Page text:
Here, we see a quite nuanced discussion of the question of whether monks should receive the tantric initiations. He recommends that those ordained in the more conservative “Disciple Vehicle” (śrāvakayāna, nyan thos kyi theg pa) traditions and who are committed to asceticism not receive tantric initiation at all. However, those monks who are so ordained, yet also engaged in Mahāyāna training, may receive them, provided that they not receive the more transgressive second and third initiations. However, he also indicates that monks fully engaged in Mahāyana and tantric practice may receive them, without specifying in exactly what manner they would do so, although his comments seem to imply the actual practice, which would not necessarily impair the vow of celibacy, due to the ameliorating effect of the higher “inner” Mahāyāna and “secret” Mantrayāna vows that supercede them.
Through an act of rhetorical jiujitsu, Atiśa or his predecessors in India successfully neutralized a challenge to monastic authority. That is, a physical, sexual practice, which threatened the authority of Buddhist monastics insofar as it was portrayed as a “highest teaching”, was evidently transformed into an exercise of visualization that monks and other renunciants are most capable of successfully practicing, thus contributing to the maintenance of authority of Buddhist monastic elite.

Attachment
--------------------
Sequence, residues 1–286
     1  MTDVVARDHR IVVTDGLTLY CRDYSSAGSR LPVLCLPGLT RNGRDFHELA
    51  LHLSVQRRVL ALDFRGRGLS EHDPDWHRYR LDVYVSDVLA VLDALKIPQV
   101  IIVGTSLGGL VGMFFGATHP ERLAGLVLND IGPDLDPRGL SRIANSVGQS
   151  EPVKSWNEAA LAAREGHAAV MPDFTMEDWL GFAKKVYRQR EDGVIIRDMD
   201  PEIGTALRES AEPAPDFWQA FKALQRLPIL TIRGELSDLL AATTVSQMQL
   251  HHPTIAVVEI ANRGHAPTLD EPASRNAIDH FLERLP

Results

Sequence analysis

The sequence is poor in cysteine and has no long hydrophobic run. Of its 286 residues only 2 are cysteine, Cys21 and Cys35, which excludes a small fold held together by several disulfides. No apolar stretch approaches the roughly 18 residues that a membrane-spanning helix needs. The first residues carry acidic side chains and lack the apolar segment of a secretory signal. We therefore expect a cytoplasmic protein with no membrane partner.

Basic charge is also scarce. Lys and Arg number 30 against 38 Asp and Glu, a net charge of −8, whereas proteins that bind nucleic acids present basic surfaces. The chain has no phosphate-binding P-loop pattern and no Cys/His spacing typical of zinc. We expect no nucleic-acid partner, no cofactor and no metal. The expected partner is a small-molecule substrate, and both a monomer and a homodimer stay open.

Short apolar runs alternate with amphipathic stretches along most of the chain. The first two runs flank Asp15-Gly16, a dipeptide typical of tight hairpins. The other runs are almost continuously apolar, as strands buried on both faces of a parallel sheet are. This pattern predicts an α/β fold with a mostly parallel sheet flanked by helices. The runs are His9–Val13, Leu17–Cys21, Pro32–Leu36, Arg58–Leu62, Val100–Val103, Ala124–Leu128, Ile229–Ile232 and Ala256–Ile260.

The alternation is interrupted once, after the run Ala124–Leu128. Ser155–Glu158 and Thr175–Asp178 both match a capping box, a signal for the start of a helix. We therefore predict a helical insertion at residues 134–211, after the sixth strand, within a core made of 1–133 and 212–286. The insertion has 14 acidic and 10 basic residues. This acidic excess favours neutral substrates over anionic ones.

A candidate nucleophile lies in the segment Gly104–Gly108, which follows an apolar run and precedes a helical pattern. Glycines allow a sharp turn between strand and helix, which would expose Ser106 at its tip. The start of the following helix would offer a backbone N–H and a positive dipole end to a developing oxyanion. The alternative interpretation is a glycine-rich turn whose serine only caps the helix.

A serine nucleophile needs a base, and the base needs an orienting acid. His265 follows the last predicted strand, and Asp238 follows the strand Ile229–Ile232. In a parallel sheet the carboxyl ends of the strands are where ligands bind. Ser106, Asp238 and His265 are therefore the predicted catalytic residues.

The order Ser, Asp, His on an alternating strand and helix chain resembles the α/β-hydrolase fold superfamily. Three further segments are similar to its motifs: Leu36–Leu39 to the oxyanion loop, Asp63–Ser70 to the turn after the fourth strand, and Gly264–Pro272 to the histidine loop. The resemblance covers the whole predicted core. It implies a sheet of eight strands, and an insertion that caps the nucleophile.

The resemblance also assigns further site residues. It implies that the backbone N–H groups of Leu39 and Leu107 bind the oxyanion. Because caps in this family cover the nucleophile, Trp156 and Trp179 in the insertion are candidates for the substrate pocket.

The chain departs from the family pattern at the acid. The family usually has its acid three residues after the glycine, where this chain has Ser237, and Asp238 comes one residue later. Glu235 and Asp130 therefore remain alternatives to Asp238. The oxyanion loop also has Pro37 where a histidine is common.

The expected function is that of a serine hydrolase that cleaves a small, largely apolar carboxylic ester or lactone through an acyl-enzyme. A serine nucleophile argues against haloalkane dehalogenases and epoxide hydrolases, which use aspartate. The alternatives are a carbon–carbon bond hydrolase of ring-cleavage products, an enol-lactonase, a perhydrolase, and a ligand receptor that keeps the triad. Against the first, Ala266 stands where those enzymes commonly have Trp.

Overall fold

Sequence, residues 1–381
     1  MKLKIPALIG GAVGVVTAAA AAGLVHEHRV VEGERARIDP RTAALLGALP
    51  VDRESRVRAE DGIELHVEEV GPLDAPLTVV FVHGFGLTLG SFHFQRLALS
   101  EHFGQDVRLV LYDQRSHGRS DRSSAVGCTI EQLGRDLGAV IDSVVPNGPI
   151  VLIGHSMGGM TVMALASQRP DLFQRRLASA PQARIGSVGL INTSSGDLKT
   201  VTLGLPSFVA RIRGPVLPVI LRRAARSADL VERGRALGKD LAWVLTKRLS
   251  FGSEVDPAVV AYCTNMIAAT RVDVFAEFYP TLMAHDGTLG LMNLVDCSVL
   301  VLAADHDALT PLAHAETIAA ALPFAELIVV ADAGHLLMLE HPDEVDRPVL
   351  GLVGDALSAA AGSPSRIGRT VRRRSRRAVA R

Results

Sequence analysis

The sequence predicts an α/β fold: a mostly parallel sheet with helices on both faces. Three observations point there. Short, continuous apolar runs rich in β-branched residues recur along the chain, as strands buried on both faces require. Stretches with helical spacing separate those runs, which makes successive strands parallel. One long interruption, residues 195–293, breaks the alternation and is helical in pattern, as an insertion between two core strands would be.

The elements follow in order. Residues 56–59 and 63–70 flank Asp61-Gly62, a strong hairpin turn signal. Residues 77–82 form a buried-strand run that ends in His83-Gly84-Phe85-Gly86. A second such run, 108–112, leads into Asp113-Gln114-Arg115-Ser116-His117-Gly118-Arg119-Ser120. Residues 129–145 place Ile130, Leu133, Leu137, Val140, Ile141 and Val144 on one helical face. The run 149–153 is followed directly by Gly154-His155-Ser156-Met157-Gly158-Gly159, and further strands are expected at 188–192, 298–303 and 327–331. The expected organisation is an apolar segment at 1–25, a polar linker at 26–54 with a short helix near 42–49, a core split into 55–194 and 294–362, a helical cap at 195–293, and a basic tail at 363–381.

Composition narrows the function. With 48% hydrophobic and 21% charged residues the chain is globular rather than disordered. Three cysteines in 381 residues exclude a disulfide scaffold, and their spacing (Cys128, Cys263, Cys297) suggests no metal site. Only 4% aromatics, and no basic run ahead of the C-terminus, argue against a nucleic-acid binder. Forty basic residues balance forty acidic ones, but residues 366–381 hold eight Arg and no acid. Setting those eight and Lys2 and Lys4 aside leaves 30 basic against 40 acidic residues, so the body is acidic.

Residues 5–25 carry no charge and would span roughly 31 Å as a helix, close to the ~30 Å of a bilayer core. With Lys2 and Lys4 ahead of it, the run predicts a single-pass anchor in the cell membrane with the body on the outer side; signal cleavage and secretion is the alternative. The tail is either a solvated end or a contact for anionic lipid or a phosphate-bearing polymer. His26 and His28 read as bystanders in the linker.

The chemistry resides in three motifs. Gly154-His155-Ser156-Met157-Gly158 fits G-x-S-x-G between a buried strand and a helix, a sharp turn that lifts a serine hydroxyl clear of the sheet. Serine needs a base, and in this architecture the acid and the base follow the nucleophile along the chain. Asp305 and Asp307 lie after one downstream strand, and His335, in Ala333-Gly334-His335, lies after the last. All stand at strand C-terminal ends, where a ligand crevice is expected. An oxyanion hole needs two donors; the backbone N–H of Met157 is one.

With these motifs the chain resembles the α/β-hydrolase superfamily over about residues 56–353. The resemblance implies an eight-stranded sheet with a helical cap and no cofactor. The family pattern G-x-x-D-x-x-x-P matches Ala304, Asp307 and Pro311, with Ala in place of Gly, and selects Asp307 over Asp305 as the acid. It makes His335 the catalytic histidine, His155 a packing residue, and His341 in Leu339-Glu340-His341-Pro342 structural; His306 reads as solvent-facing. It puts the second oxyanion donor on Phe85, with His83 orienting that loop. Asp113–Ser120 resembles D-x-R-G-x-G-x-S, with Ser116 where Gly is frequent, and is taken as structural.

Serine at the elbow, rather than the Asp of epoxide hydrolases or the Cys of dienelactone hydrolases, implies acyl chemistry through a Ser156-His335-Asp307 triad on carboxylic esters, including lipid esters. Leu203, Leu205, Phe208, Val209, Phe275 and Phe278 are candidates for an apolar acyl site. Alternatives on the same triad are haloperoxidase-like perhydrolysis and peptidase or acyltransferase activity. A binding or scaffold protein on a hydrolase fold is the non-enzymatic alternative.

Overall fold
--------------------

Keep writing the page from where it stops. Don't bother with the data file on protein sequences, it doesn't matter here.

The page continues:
The question that remains is why Atiśa recommended that monastics not receive the second and third initiations in his A Lamp for the Path to Awakening. One possibility is that the practice that Abhayākaragupta describes—of the majority of practitioners engaging in the transgressive rites via visualization only, with the actual performance of them reserved for exceptional practitioners—developed in North Indian monastic centers during the eleventh century. While this might have been the norm by the end of the century when Abhayākaragupta was active, it may not yet have been fully established in the earlier part of the century, when Atiśa was immersed in this context. In this case, Atiśa’s work would reflect a development toward this compromise. Another possibility is that this norm was already established by the early eleventh century, and that Atiśa found it politically necessary in A Lamp for the Path to Awakening to erect a barrier between erotic practices, real or imagined, and the monastic sangha, a barrier which turned out to be firm only with respect to the actual performance of these rites, and not their visualized enactments.